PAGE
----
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This has to be the most delicate time for a Fat Tail. Once you get them to eat on their own, you are pretty much home free. Hatchlings are easily stressed out, so for the first month of its life, don't handle them.

First, lets talk about your setup. Each hatchling needs to have it's own enclosure. Putting them together might cause them to be stressed and hurt their chances of survival. Some people have plastic shoeboxes set up for their hatchlings. This is the best setup to minimize stressing out the gecko because they can't see anything but the walls around them. A healthy hatchling feels safe in its surroundings. If they can see you walking around the room, it could freak them out.

Now, I am someone who likes to look at my geckos, so I have 2&1/2 gallon sized vivariums for each of my hatchlings. I place a lizard mat down on the floor and cover it with a paper towel. This is to make sure that the young gecko's digestive system doesn't get blocked with substrate and possibly killing the hatchling. Also, the paper towel minimizes clean up chores. I also have a UTH (Under the Tank Heater) on one end of the vivarium. I supply the gecko with a small hide box (on the cool side of the vivarium), an upside down 1 gallon milk jug cap (the push on kind for drinking water), and a few smooth rocks (on the warm side of the vivarium) to hang out on. The milk cap is small enough to make sure that the gecko doesn't fall in the water supply and drown. I mist the enclosure down daily to keep the humidity level up. This will help them through their first sheds.

When a hatchling is born, they will not start eating until after their first shed. It can be 3 - 7 days after they hatch before this happens. In the meantime, keep the enclosure at a temp of 85 - 90 degrees F, mist down the enclosure daily, and keep the water in the milk cap fresh. Once they shed, begin offering 1 or 2 small vitamin dipped crickets in the evening. "Small" meaning no bigger than the length and half the width of the hatchling's head. Check the enclosure in the morning to see if the crickets are gone. If they are, then offer 2 - 3 crickets that next evening. As long as they eat them, offer more crickets each night until you start seeing crickets in the morning. Don't worry if they don't eat the same night when they shed. It could take them a day or two to get hungry.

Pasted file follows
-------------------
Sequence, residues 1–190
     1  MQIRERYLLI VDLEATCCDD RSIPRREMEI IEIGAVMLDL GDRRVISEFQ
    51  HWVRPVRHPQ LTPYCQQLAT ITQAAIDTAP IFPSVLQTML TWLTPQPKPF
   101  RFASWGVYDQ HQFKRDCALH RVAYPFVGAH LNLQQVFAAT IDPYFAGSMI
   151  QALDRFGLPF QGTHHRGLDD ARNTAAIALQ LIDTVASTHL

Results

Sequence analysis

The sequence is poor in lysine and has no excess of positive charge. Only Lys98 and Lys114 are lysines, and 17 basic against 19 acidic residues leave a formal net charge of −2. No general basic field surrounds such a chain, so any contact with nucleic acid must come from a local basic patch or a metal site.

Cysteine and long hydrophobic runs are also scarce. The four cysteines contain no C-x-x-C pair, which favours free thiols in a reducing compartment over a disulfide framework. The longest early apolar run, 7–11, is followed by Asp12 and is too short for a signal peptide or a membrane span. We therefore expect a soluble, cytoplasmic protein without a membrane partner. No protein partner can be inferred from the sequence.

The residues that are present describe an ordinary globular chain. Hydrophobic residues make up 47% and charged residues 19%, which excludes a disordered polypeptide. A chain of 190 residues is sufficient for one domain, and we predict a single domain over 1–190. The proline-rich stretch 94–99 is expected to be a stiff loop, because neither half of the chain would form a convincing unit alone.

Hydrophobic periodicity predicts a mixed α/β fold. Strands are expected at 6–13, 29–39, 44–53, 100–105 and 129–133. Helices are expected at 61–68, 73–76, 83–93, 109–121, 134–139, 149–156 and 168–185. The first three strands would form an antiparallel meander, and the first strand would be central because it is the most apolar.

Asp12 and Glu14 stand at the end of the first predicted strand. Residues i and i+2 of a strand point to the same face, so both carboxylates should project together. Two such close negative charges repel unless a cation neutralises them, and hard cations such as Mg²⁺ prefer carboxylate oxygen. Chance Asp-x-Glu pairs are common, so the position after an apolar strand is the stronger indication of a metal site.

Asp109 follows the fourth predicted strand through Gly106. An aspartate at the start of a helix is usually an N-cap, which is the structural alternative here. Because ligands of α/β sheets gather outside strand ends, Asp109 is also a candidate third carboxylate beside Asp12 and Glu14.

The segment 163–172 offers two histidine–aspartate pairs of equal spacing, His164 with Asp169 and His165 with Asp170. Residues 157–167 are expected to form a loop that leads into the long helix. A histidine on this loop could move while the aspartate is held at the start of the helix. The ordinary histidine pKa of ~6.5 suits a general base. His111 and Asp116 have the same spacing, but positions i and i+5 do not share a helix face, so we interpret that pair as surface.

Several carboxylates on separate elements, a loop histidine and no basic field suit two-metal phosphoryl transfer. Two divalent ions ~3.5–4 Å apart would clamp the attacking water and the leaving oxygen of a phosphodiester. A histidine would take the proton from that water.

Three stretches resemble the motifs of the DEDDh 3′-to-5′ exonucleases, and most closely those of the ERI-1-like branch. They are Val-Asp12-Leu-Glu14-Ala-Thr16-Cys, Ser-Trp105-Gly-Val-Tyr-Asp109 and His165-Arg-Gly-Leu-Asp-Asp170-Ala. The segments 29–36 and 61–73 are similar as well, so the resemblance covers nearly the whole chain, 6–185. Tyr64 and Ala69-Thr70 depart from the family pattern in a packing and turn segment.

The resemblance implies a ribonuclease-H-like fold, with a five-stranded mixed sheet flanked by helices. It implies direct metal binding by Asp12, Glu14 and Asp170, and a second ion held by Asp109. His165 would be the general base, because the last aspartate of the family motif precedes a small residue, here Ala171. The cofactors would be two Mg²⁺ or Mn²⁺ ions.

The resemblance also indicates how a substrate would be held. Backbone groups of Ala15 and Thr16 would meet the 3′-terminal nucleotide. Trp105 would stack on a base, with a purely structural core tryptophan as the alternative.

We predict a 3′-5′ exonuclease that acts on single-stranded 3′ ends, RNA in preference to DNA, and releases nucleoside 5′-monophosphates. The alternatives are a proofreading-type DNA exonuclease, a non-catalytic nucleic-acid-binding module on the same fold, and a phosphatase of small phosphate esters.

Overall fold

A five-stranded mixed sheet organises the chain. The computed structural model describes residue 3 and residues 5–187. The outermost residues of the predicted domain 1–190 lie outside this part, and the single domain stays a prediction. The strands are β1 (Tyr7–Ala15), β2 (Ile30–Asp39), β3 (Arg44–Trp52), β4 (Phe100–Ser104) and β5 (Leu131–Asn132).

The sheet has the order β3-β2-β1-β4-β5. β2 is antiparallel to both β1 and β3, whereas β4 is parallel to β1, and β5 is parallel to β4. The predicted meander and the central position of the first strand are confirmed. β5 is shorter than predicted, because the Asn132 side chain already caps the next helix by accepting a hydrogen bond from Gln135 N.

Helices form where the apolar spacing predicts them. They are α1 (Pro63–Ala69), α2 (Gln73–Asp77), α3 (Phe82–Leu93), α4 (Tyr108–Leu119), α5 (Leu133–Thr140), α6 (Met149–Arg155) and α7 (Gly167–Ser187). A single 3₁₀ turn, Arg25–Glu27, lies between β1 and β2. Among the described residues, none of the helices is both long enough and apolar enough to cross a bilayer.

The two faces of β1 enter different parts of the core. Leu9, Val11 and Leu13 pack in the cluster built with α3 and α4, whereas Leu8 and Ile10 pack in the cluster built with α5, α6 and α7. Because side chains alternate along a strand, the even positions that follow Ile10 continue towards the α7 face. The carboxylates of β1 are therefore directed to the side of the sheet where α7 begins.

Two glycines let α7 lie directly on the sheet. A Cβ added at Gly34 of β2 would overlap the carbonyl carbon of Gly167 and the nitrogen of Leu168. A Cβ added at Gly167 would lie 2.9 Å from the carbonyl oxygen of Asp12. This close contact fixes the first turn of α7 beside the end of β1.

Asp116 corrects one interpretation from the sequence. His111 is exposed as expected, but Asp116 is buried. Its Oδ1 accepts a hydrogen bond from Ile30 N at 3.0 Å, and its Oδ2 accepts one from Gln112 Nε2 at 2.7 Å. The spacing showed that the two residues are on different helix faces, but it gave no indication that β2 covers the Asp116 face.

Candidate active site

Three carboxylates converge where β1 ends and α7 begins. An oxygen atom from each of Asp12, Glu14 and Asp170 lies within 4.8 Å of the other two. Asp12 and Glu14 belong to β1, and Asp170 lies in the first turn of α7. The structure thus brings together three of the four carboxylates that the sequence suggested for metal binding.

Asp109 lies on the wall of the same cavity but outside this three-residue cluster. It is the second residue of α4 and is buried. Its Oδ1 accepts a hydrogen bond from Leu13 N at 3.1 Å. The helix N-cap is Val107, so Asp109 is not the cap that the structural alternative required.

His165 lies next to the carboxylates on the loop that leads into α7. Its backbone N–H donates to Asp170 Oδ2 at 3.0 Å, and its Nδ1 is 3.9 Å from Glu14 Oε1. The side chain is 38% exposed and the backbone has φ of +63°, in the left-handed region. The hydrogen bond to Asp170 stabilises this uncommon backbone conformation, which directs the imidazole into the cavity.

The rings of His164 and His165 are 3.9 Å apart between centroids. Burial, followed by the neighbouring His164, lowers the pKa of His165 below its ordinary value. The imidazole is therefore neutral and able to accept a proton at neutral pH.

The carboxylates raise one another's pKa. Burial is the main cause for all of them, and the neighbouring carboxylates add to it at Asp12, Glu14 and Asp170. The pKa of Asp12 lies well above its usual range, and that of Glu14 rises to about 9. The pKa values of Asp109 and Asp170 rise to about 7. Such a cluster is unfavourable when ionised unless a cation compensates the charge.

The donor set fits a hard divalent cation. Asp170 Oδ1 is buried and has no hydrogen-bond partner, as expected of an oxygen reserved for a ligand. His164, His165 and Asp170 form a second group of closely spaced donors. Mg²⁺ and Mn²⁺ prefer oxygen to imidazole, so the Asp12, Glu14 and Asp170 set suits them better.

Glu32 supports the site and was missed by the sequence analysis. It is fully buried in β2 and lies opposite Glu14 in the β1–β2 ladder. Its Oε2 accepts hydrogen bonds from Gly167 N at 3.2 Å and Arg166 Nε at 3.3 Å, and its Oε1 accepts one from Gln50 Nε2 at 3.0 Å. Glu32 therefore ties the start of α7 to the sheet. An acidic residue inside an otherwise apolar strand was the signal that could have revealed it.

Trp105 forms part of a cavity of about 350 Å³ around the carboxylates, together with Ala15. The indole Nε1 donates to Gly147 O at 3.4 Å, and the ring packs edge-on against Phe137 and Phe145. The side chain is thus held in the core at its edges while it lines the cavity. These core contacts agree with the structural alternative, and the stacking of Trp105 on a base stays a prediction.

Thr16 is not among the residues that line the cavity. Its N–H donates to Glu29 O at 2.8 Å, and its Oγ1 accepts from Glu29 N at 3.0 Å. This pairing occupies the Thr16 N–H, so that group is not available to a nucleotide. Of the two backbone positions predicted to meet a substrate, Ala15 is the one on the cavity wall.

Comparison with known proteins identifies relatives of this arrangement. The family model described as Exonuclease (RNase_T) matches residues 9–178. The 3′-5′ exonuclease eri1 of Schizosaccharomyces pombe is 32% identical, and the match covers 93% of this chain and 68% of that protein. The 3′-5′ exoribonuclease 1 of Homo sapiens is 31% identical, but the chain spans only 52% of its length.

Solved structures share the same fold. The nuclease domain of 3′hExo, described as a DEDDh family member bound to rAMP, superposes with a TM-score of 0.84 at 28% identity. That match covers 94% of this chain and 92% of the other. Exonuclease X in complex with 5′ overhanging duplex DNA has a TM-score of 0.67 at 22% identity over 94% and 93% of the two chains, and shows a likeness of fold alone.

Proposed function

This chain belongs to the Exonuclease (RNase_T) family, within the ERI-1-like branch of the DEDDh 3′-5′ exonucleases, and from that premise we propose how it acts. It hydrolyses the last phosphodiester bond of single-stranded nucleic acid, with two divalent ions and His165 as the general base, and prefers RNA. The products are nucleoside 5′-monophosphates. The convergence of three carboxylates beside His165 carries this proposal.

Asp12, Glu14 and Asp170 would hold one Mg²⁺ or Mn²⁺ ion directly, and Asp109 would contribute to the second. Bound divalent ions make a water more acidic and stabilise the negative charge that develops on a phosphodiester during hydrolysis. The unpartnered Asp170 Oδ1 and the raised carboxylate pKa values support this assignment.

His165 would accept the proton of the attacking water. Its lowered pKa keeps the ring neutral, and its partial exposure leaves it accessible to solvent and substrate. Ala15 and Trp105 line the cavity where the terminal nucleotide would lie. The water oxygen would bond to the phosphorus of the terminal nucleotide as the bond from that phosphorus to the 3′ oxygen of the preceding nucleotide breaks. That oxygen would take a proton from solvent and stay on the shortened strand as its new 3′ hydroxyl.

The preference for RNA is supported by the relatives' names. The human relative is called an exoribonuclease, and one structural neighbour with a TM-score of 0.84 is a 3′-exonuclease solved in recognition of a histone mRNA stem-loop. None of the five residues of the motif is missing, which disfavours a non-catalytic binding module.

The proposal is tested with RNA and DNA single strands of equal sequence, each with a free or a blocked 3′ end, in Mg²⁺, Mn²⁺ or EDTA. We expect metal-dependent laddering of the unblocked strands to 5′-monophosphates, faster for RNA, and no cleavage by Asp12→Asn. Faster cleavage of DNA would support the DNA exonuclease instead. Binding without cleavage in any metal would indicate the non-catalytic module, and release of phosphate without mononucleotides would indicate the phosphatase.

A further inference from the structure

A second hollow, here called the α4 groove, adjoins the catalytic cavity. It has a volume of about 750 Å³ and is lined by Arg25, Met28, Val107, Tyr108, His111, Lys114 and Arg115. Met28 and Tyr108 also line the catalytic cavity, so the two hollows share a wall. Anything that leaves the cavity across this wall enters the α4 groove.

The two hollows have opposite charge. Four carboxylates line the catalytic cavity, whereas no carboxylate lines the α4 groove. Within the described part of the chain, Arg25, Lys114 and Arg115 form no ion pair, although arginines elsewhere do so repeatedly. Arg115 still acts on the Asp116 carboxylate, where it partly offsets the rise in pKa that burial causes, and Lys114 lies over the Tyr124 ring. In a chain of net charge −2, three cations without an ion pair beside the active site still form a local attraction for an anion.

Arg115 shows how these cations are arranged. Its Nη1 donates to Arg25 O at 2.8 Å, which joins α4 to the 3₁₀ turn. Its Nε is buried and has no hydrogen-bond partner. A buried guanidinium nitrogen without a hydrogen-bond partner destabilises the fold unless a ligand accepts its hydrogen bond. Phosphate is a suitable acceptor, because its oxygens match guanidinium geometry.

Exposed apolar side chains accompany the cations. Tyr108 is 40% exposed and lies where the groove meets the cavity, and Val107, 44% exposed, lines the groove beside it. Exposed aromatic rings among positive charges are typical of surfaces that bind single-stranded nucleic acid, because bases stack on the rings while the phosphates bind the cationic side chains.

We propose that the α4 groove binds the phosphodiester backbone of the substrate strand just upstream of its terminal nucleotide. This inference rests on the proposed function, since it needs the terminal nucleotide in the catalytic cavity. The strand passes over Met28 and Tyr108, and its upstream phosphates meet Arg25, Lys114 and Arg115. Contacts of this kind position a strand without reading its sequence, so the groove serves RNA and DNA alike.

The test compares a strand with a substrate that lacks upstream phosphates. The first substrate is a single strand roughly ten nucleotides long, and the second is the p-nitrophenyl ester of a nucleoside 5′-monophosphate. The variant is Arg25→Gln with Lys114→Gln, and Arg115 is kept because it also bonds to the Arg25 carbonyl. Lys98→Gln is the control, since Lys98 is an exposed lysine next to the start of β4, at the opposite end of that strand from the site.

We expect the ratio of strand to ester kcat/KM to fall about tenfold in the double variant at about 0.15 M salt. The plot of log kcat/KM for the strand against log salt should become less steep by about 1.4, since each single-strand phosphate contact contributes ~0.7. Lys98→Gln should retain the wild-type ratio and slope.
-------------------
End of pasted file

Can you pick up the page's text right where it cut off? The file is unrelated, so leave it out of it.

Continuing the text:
Once they start eating, you are pretty much out of the "Danger Zone". When two months have passed, you can consider the fat tail a juvenile and care for them as described in the next section.

Juveniles and Adults are a lot easier to care for. They can live up to 25 years if you follow these simple steps. The setup is like the one I listed above with only a few differences. Your vivarium doesn't have to look pretty to be functional. I have my vivarium in a location where everyone can see it, so I place greenery and naturalistic stuff to make it look nice, but it isn't necessary.

The vivarium needs to be larger. I have a 35 gallon vivarium setup for my five females, a 10 gallon for my male. If I were to house all nine of my geckos together, I would need a 60 gallon or larger vivarium.

With a larger vivarium, you need enough UTH's to keep the enclosure at 85-90 degrees F on the warm side. I place down a lizard mat on the floor of the vivarium to keep the geckos from digging in the substrate and laying right on top of the UTH (this could burn them). I then lay down two inches of Bed-A-Beast or similar substrate. I have tried sand, Calcisand, and other dry substrates, but I have found that Bed-A-Beast keeps my geckos the happiest. I change out the substrate once every two months. For basic maintenance, just scoop up the gecko's droppings with a spoon and throw it away every two days. I supply them multiple hide boxes throughout the enclosure, some are dry and some have moist vermiculite (egg laying chamber) in them to allow the gecko a choice of where to hang out. I have rocks, fake plants, and a nice looking large water bowl (Keep the water nice, fresh, and free of waste). I mist down the enclosure once or twice a week to keep the humidity up, so they will be able to shed properly.

I feed my fat tails everyday crickets that have been feeding on vitamin enriched cricket food. They eat about 6 - 7 large crickets each. They do not have to be fed that often, but I do it to keep them healthy during breeding season. Remember to have crickets that are no bigger than the length and half the width of the gecko's head. I use The Cricket Corral to store the crickets I feed my geckos. For those who don't want to touch crickets, this is the best thing to use. Once a week I feed them pinkies or mealworms. Some fat tails like pinkies and mealworms and others don't. Just remember that crickets need to be their main diet.

These are just the basics of what I do for my fat tails. If you have a specific question regarding something I didn't cover, please E-Mail me and I will get back to you.

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